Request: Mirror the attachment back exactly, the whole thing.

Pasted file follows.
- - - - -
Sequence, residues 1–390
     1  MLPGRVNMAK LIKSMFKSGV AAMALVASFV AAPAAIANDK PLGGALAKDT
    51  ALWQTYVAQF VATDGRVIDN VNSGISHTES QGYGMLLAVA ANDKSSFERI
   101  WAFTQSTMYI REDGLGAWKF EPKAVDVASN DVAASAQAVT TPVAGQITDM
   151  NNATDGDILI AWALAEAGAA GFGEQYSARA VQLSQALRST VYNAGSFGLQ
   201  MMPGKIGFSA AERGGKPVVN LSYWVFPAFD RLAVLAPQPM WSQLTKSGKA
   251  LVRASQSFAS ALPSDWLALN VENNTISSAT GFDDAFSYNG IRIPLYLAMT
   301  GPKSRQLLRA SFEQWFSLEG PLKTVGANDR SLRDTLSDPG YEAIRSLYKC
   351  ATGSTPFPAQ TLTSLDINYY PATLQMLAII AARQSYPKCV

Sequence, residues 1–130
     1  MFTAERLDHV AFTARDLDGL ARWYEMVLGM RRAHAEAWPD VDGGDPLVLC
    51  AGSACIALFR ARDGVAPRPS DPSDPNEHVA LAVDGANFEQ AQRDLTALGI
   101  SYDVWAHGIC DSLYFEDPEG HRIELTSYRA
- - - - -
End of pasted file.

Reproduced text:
Sequence, residues 1–390
     1  MLPGRVNMAK LIKSMFKSGV AAMALVASFV AAPAAIANDK PLGGALAKDT
    51  ALWQTYVAQF VATDGRVIDN VNSGISHTES QGYGMLLAVA ANDKSSFERI
   101  WAFTQSTMYI REDGLGAWKF EPKAVDVASN DVAASAQAVT TPVAGQITDM
   151  NNATDGDILI AWALAEAGAA GFGEQYSARA VQLSQALRST VYNAGSFGLQ
   201  MMPGKIGFSA AERGGKPVVN LSYWVFPAFD RLAVLAPQPM WSQLTKSGKA
   251  LVRASQSFAS ALPSDWLALN VENNTISSAT GFDDAFSYNG IRIPLYLAMT
   301  GPKSRQLLRA SFEQWFSLEG PLKTVGANDR SLRDTLSDPG YEAIRSLYKC
   351  ATGSTPFPAQ TLTSLDINYY PATLQMLAII AARQSYPKCV

Sequence, residues 1–130
     1  MFTAERLDHV AFTARDLDGL ARWYEMVLGM RRAHAEAWPD VDGGDPLVLC
    51  AGSACIALFR ARDGVAPRPS DPSDPNEHVA LAVDGANFEQ AQRDLTALGI
   101  SYDVWAHGIC DSLYFEDPEG HRIELTSYRA